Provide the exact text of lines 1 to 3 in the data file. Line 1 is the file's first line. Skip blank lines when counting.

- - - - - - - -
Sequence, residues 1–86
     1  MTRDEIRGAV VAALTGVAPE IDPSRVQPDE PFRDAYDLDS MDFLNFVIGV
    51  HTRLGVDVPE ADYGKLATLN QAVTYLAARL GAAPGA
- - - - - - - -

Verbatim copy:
Sequence, residues 1–86
     1  MTRDEIRGAV VAALTGVAPE IDPSRVQPDE PFRDAYDLDS MDFLNFVIGV
    51  HTRLGVDVPE ADYGKLATLN QAVTYLAARL GAAPGA